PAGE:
I tracked Keyishian down and interviewed him. Justice Brennan watched that program and was fascinated to see the actual person behind the name on his decision. The journalist Nat Hentoff, who followed Brennan’s work closely, wrote, “He may have seen hardly any of the litigants before him, but he searched for a sense of them in the cases that reached him.” Watching the interview with Keyishian, he said, “It was the first time I had seen him. Until then, I had no idea that he and the other teachers would have lost everything if the case had gone the other way.”
Toward the end of his tenure, when he was writing an increasing number of dissents on the Rehnquist Court, Brennan was asked if he was getting discouraged. He smiled and said, “Look, pal, we’ve always known — the Framers knew — that liberty is a fragile thing. You can’t give up.” And he didn’t.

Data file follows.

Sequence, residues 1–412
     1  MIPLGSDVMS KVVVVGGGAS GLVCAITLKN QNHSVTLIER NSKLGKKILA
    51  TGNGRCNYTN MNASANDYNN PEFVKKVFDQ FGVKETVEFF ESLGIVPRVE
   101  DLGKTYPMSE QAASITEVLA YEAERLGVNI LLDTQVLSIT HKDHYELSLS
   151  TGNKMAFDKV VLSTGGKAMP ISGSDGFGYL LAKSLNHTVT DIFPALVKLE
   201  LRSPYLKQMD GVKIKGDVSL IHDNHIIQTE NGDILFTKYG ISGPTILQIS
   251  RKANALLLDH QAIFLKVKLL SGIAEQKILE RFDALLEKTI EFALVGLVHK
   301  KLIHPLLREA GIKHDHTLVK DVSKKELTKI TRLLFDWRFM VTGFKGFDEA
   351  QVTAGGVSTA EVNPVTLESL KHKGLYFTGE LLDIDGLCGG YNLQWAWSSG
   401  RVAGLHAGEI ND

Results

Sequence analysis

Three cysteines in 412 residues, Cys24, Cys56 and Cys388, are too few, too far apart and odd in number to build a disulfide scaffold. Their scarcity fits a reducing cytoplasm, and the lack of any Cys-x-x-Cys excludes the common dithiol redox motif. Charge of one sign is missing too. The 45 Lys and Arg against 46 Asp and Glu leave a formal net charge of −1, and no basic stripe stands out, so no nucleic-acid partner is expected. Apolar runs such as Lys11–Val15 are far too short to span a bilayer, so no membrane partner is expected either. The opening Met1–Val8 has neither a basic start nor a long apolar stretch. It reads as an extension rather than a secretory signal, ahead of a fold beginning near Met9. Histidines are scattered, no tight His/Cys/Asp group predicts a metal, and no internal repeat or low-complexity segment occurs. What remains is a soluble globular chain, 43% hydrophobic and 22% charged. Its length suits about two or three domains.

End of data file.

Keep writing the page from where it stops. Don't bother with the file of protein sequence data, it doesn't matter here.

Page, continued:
The Donor Class and Streams of Dark Money
The historian Plutarch warned us long ago of what happens when there is no brake on the power of great wealth to subvert the electorate. “The abuse of buying and selling votes,” he wrote of Rome, “crept in and money began to play an important part in determining elections. Later on, this process of corruption spread in the law courts and to the army, and finally, when even the sword became enslaved by the power of gold, the republic was subjected to the rule of emperors.”
We don’t have emperors yet, but we do have the Roberts Court that consistently privileges the donor class.